Author Topic: Sibelius's 'Tapiola' favourite recording.  (Read 14268 times)

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Offline Tapio Dimitriyevich Shostakovich

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Re: Sibelius's 'Tapiola' favourite recording.
« Reply #20 on: February 02, 2009, 07:35:09 AM »
The dark side of the BBC Sibelius lectures in "Discovering music" (there are severyl more works): Realaudio. Truncated at 43:00. I really tried to get the whole stream with mplayer.exe (edited the .ram file), but not working. Sucks sucks sucks.

Offline J.Z. Herrenberg

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Re: Sibelius's 'Tapiola' favourite recording.
« Reply #21 on: February 02, 2009, 10:04:09 AM »
Tapiola is -by far- my overall all time favourite symphonic work. Period. In this case, Sibelius is my soulmate. In this piece, I feel at home. It says all for me. About me. No force on earth can split the love between me and Tapiola! :D Never! I'm going absolutely crazy about this piece. This piece deserves an own thread, this thread. Finally.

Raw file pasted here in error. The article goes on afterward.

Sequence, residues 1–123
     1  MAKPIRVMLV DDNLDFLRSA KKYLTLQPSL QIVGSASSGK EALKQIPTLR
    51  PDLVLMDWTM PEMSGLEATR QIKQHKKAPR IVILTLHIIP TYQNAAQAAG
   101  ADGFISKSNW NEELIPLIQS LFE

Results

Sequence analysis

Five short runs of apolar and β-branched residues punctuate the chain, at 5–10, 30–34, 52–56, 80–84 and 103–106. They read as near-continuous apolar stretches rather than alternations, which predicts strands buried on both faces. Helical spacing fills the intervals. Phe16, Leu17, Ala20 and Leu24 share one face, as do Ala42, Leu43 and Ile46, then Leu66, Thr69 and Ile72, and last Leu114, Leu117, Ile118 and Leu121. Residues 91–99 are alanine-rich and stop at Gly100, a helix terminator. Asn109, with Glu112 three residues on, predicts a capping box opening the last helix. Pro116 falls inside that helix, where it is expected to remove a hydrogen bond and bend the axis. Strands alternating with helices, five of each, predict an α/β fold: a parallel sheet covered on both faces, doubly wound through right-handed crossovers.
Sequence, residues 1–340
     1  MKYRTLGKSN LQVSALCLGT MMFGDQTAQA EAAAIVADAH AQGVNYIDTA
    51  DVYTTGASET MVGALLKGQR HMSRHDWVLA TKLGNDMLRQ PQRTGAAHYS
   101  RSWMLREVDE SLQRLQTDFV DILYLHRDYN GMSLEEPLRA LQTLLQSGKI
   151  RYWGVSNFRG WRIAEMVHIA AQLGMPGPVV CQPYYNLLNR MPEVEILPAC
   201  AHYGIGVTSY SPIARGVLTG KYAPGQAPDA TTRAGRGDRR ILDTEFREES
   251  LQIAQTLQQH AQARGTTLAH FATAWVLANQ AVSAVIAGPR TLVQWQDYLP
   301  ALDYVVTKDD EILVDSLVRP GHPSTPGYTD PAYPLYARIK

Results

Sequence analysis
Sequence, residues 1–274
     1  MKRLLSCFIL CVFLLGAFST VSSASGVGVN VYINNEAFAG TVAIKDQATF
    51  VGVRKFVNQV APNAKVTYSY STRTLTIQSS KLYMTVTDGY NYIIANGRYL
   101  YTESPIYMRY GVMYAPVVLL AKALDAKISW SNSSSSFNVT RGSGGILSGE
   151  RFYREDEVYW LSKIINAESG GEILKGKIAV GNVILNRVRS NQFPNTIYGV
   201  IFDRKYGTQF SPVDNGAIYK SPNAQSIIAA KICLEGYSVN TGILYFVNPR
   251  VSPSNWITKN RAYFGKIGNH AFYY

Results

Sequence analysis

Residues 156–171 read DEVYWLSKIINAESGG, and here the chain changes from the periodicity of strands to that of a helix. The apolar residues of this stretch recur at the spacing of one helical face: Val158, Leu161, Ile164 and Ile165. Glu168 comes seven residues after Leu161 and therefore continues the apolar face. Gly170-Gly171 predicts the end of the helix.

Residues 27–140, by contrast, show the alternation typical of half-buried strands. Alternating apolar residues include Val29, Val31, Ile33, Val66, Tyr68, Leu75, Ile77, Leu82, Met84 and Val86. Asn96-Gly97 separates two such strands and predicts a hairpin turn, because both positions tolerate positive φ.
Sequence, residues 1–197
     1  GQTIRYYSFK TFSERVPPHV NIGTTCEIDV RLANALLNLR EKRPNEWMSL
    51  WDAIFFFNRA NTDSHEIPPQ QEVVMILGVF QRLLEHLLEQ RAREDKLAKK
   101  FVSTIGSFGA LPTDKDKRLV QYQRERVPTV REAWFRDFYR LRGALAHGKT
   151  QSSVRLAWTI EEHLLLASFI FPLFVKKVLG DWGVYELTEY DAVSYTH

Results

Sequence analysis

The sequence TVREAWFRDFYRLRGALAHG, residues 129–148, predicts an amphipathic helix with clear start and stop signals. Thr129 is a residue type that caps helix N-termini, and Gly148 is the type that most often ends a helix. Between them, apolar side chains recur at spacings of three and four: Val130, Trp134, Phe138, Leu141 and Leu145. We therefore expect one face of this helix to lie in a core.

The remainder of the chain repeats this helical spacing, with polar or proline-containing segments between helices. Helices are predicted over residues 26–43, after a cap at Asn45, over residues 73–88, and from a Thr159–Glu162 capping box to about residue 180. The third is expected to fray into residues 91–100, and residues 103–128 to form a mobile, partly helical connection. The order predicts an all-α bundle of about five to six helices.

The Tapiola part of the Nupen DVD is on Youtube. It's Ashkenazy on this one. The ending of the storm scene with the 5 Timpani hits, is done exactly how I think it's appropriate, a bit better than even Blomstedt.

Tapiola is my favourite symphonic work by Sibelius. I find it frightening, awe-inspiring and imbued with a sadness beyond words. So I can imagine your undying love and fascination! Thanks for the YouTube clip - if the storm is played well, as it is here, it's goosebumps with me. The violin passage easily surpasses Herrmann's Psycho music for sheer scariness.